Qiao: Often, when we talk about the expansion of narratology, we refer to the expansion of its domain rather than something else. But I think that you don’t confine yourself to matters of domain, since you regard narratology as a “task” and as a discipline with empirical dimensions. In other words, might one say that you take the basic discoveries and conclusions of narratology to be “tools” applicable in criticism or even in “realistic” practice?

Prince: Yes, I believe that these discoveries and conclusions make up a useful tool kit for the exploration, in literature and in life, of specific (narrative) texts (in the broadest sense of the term “text”). Narratology can help to characterize the distinctiveness of any narrative text, to compare any two (or more) sets of narratives, to set up narrative classes according to narratively relevant features, to illuminate certain reactions to texts, and to establish or support various interpretive conclusions. Besides, by illuminating narrative, which is a singularly human way of making sense, narratology illuminates human beings themselves.

Qiao: Before I ask questions about narrativehood, narrativeness, and narrativity or about narratological criteria, corpora, and contexts, etc., etc., I would like to express my heartfelt thanks to you for having very kindly sent me by mail photocopies of some of your essays. They reached me just in time. I note that the essay entitled “Narrativehood, Narrativeness, Narrativity and Narratability” was published in 2008, so that it probably represents your recent views about some narratological issues. Let’s begin with the definition you offered in the essay—you say that “an object is a narrative if it is taken to be the logically consistent representation of at least two asynchronous events that do not presuppose or imply each other.” I think your definition is different from some old “prescriptions,” as you point out in the essay. Perhaps you could comment on why you specify that there must be “asynchronous events” or why the “asynchronous events” must not “presuppose or imply each other”?

Prince: There have been, as you say, many definitions of narrative and I must have contributed at least half of them! I insisted on asynchronous events to indicate that something like “John ate, Mary read, and Jane played,” where the events do not seem to be asynchronous, is more like a description than like a narrative. And I said that at least two events should not presuppose or imply each other to indicate that something like “She raised one arm after the other,” which implies “She raised one arm and then she raised the other,” is more like a simple action description.

Qiao: You believe that your definition has many virtues because it distinguishes between narratives and the mere representation of an event or activity, between narratives and the mere description of a process or state of affairs, between narratives and so-called antinarratives, etc.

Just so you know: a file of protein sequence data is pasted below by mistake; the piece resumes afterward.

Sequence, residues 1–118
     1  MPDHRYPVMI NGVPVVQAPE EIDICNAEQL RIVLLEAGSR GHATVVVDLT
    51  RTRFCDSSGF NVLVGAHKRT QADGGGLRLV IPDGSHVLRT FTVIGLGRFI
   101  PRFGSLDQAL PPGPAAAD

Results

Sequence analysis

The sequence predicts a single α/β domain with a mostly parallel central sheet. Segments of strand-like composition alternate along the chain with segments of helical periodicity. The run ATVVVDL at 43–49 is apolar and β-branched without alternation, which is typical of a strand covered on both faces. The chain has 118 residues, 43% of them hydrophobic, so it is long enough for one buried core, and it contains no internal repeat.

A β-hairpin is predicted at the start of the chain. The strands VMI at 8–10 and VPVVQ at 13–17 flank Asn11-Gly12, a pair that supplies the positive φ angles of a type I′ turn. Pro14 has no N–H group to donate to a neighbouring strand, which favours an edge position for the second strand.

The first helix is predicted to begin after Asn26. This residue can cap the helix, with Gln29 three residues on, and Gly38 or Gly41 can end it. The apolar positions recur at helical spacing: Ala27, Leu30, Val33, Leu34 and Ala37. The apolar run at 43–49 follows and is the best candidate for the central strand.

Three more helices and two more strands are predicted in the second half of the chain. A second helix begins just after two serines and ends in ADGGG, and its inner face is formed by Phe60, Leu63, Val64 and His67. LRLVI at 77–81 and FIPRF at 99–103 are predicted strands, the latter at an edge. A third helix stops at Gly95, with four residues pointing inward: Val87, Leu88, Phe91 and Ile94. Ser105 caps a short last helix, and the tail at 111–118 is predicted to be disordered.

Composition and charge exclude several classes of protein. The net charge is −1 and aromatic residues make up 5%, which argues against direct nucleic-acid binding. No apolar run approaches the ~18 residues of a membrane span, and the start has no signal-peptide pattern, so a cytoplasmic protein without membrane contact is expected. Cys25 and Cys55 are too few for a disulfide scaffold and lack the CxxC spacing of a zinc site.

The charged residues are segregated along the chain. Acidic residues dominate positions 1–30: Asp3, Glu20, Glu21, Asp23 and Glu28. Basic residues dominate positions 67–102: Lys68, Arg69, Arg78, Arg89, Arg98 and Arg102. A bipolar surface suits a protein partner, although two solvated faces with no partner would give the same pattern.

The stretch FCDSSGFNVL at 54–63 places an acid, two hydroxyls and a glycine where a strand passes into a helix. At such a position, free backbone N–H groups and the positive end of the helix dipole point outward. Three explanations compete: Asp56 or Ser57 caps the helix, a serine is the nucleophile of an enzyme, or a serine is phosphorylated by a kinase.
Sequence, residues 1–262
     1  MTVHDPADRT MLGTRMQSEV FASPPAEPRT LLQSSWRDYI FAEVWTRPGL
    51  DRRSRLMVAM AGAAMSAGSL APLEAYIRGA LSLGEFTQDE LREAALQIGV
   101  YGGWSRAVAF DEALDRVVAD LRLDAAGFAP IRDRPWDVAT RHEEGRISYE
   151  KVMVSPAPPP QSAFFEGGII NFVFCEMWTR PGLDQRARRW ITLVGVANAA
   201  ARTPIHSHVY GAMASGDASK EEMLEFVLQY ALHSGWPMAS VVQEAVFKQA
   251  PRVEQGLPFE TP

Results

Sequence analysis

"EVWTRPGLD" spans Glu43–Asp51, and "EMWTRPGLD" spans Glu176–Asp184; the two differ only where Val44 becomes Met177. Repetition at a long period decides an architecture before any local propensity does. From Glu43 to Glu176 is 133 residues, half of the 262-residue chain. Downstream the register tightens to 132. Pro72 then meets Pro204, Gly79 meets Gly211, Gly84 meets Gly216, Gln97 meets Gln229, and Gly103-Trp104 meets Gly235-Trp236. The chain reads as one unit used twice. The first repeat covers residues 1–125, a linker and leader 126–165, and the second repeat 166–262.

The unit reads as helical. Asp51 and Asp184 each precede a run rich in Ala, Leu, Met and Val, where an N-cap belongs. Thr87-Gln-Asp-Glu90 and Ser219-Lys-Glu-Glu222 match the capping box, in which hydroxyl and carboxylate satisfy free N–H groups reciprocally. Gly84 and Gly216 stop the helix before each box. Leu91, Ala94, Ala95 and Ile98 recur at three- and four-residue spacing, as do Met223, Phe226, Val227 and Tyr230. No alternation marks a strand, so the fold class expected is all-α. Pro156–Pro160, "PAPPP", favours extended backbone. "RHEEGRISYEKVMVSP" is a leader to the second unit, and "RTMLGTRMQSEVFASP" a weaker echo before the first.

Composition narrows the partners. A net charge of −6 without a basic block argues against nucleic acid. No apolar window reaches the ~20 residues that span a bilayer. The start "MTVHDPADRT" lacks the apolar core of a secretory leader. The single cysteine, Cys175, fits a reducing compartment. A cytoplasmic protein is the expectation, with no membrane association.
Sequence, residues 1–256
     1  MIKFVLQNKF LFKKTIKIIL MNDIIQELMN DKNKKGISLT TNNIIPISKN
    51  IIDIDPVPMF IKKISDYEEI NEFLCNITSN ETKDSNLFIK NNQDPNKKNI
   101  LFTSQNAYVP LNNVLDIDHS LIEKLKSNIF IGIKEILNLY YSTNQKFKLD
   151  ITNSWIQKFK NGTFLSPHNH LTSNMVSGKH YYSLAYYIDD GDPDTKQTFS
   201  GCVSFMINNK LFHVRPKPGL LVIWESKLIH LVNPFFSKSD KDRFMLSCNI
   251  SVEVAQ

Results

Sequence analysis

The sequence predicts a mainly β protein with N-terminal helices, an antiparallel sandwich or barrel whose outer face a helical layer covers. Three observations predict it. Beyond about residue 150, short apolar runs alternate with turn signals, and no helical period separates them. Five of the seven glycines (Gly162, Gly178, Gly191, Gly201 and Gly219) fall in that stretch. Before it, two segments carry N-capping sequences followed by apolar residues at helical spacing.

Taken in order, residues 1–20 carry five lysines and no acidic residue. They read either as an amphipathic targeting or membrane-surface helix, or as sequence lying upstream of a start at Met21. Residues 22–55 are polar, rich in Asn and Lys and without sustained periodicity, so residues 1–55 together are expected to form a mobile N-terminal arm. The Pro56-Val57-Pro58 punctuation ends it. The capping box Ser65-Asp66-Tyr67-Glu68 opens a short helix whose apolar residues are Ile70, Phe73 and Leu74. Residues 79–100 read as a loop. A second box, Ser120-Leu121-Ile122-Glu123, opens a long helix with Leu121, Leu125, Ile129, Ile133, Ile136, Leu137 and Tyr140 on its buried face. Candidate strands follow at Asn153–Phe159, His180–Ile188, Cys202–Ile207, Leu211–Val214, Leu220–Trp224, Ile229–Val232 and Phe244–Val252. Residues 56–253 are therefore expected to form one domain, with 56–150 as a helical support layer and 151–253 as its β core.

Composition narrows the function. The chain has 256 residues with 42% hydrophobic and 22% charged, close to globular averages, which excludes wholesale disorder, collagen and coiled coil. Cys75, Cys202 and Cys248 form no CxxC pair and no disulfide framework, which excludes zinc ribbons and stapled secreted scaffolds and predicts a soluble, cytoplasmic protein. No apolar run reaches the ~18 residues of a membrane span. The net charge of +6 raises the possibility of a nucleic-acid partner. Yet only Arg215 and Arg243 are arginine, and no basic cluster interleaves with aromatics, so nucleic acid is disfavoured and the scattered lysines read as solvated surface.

Prince: Yes, it seems to me that these kinds of distinction are important to make when one is trying to characterize the specificity of one’s object of study and, by extension, the boundaries of one’s discipline. According to the definition, narrative is not quite equivalent to mere event description. Similarly, narrative is logically coherent whereas antinarrative—which looks very much like narrative—is not.

Qiao: In your discussion of narrativity, narrativehood, and narrativeness, you mention that they are affected by “quantitative factors” and “qualitative factors” and you say that “qualitative factors more or less significantly foreground the narrative identity of a given text […].” Could you perhaps give a couple of examples of such factors?

Prince: Some qualitative factors consist in explicit evaluative comments on the significance or interest of the situations and events depicted, comments like “I have a great story to tell you” or “This battle was stupendous” or “These actions were really fascinating.” Other factors pertain to such aspects of event representation as the positiveness of the events depicted, since narratives are representations of events and not of their mere possibility or of their negation. After all, narratives live in certainty: this happened and then that; this happened because of that; this happened and it was linked to that. Or else the qualitative factors may have to do with the discreteness of asynchronous events, since the more such discreteness obtains, the more asynchronism is emphasized. For example, think of “She ate and then she went to bed” as opposed to “She went to bed after eating,” or “She had a million dollars and then she lost it” as opposed to “She lost the million dollars she had.”

Qiao: You believe that your discussion of the notions of narrativehood, narrativeness, narrativity, and narratability can not only address basic questions regarding the character, form, and functioning of narratives, but can also generate many other questions worth exploring, such as the nature, weight, and interaction of the factors affecting narrativity. Have you done any work exploring the interaction of the factors affecting narrativity? Or, rather, can you give some advice on how to do the exploration?